I won’t say “one last Wood Lily” because you just never know, but I want to post at least this one, before the season passes. Many of the lilies are very tall this year, probably to do with the timing and amount of rail we have had, the number of sunny days, etc. This pair, photographed on the Kennebunk Plains Wildlife Management Area here in Southern Maine, was close to 3 feet above ground level. Sony Rx10iv at 367mm equivalent. Program mode with my custom birds and wildlife modifications. Processed in Polarr and Apple Photos.
I did warn you that I was not done with Wood Lilies. This cluster was growing on the Maguire Road section of the Kennebunk Plains, here in Southern Maine. Note the tiny Green Metallic Bee between the bottom two flowers, on its way to its next pollen stop. I came in close for a more conventional close-up. Sony Rx10iv at 106mm equivalent. Program mode with my custom birds and wildlife modifications. Processed in Polarr and Apple Photos.
One Wood Lily leads to another 🙂 Such lovely flowers. I wait for them to bloom every year. They are not with us many weeks and then they are gone for another year. Kennebunk Plains Nature Conservancy, Kennebunk, Maine. Sony Rx10iv at about 420mm equivalent. Program mode with my custom birds and wildlife modifications. Processed in Polarr and Apple Photos.
I rode my ebike out to the Kennebunk Plains yesterday looking for dragonflies, and was surprised to find the the Wood Lilies in full bloom. This feels early for Wood Lily. I think of them in full bloom in mid to late July…but there they were. Much of the area where they grow was included in the prescribed burn of last September, and it looks like we will not have lilies this year in those areas, but along the edge in the deeper brush that did not burn, they are tall already. The light was lovely yesterday afternoon and showed the lilies to best advantage. Sony Rx10iv at 480mm equivalent. Program mode with my custom birds and wildlife modifications. Processed in Polarr and Apple Photos.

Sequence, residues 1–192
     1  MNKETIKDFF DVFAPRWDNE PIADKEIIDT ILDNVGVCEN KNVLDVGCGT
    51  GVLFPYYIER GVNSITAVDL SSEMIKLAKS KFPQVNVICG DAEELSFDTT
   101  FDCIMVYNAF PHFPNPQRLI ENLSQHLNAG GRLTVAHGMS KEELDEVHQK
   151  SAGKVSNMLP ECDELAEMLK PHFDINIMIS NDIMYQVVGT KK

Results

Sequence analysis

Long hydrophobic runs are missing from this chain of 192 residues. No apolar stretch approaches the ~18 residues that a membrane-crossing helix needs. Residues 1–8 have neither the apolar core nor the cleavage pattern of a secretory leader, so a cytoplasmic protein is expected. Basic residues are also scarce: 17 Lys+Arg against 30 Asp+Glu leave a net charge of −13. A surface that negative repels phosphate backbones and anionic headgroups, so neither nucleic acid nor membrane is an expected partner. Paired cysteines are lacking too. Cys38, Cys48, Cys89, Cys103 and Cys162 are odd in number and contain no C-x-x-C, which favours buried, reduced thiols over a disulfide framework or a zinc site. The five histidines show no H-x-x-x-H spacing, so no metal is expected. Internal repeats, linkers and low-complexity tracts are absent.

I posted another in this sequence of images the other day. I was delighted to watch this Coral Hairstreak working a Wood Lily on the Kennebunk Plains Wildlife Management Area here in Southern Maine. As this panel shows, and I tried to describe in the previous post, the butterfly worked its way across the flower and then back again as I watched. Sony RX10iv at 600mm optical equivalent, plus enough Clear Image Zoom to fill the frame. Program mode with my custom birds and wildlife modifications. Processed in Polarr and assembled in Framemagic.
With a backlog of bog orchids and other wildflowers from Laudholm Farms this week, I was certainly not thinking about Wood Lilies when I took an ebike photoprowl out to the back side of the Kennebunk Plains yesterday. I was thinking of skies and landscapes, but as soon as I turned down the fire road that goes to the back of Day Brook Pond, I found the Plain covered with one of the most impressive displays of Wood Lilies that I have seen. I have never photographed Wood Lilies on that side of the pond…I always find them on either side of Rt. 99 where it crosses the Plains on the other side, so maybe this is a typical display for the area off Maguire Road, and I have just missed it all these years. Lots of lilies and lots of tall lilies, and many clumps of lilies. Checking last year’s photos of Wood Lilies, my first shots are from July 16th, on the other side of the pond, so the timing is right…I was just not expecting to see them yet. Nice surprise. So now I have a lot of Wood Lily images on top of my Grass Pink and Rose Pagonia orchid images from earlier in the week. Such abundance…but that is July in Maine for you! If you are into wildflowers, at least.